The FSB further welcomed promises to “reform and extend” the Small Business Bonus Scheme, but expressed concern that the 100% relief threshold for the scheme could be lowered from £15,000 to £12,000, as well as the absence of specific support for certain particularly hard-hit sectors.

The Scottish Retail Consortium raised concerns about the impact of tax rises on sales.

The body’s director, David Lonsdale, said: “Consumer spending is the mainstay of Scotland’s economy. The freezing of income tax thresholds and increased income tax rates for higher earners is likely to impact consumer spending at a time when retail sales are set to remain sluggish.”

The National: Scottish Chambers of Commerce chief executive Liz Cameron

Liz Cameron (above), the chief executive of the Scottish Chambers of Commerce, also raised concerns about the tax rate rises.

She said: “The Scottish Government’s move to increase the top and higher rates of income tax will hit taxpayers in Scotland more than other parts of the UK.

“This is a clear disadvantage for Scotland’s businesses and workers and could position Scotland as a less attractive place to live and work.”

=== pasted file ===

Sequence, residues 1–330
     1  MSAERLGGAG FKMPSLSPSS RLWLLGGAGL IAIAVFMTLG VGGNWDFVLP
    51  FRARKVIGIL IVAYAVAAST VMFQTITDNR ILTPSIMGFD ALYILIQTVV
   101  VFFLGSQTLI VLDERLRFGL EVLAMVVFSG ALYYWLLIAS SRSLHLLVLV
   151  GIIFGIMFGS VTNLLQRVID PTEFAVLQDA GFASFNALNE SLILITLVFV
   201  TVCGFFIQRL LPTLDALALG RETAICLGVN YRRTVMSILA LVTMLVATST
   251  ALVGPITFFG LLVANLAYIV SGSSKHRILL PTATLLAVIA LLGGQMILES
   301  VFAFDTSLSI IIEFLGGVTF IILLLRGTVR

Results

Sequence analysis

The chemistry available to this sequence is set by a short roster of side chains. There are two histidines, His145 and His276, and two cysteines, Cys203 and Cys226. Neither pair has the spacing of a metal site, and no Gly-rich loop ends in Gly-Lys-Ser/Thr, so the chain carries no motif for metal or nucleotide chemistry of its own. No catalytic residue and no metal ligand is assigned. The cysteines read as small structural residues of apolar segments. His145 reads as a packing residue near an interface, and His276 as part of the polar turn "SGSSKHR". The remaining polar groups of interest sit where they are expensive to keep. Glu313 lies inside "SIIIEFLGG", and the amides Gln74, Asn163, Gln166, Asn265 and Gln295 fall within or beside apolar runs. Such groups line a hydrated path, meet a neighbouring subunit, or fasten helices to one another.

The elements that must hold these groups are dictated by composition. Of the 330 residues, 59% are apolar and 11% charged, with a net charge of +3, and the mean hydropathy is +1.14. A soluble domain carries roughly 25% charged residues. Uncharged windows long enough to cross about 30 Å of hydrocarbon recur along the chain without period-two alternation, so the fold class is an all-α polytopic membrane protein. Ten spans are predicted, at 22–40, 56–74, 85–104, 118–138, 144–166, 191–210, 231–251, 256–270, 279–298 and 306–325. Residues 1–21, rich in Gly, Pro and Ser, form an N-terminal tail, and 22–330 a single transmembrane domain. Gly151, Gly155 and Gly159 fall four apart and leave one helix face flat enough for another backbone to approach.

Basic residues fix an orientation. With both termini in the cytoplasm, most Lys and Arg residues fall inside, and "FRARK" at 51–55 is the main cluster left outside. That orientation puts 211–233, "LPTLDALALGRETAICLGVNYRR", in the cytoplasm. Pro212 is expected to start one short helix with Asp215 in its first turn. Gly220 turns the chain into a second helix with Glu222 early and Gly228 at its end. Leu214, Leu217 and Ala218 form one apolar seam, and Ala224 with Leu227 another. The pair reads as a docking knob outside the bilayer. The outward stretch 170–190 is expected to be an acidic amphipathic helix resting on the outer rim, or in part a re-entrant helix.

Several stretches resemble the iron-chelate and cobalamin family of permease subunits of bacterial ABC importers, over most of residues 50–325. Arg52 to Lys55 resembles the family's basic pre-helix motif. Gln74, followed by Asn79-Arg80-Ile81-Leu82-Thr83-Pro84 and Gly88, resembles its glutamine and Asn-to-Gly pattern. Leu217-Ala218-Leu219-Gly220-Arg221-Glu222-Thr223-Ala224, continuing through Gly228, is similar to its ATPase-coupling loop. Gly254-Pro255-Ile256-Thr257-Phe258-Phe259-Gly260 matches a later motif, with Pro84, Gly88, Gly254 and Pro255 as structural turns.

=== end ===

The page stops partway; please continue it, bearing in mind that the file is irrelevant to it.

The Scottish Tourism Alliance said that the tax rises would impact negatively on leisure spending. “The situation is grim; we have now entered our most difficult winter yet,” the body said.

Opposition Parties

Scottish Labour suggested that the Budget was not “focused on the priorities of Scots”. The party said it had “no plan for growth, no pay policy for workers, and no plan to support public services”.

Speaking at Holyrood, the party’s finance spokesperson, Daniel Johnson, said: “Scottish Labour will always support progressive taxation … [but] people will not accept a rise in tax bills if all they see is further decline of their services.”

Both the higher and top rates of tax will be increased by 1p each, to 42p and 47p respectively. The higher rate threshold will be maintained and the top rate will be lowered to £125,140 from £150,000.

The Scottish Tories attacked the tax rises, with party finance spokesperson Liz Smith claiming they would damage Scotland’s competitiveness.

“The 42p rate increases the existing tax gap between Scotland and the rest of the UK,” she went on.

“Although John Swinney justified this tax rise because the money raised will go to Scotland’s crisis-ridden NHS, this is less than one per cent of health spending and he could have found this money elsewhere without damaging our competitiveness with the rest of the UK.”

The Scottish LibDem leader, Alex Cole-Hamilton, said there was a “lot of pain” in the Budget.

He said in Holyrood: “Pain for mental health services, for a voluntary sector on it knees that will now face another £4m cut, and a local government uplift that is barely half what Cosla have asked for in order to keep the lights on.”

Swinney announced a further £550m in funding for local government, which he said was more than would have been expected.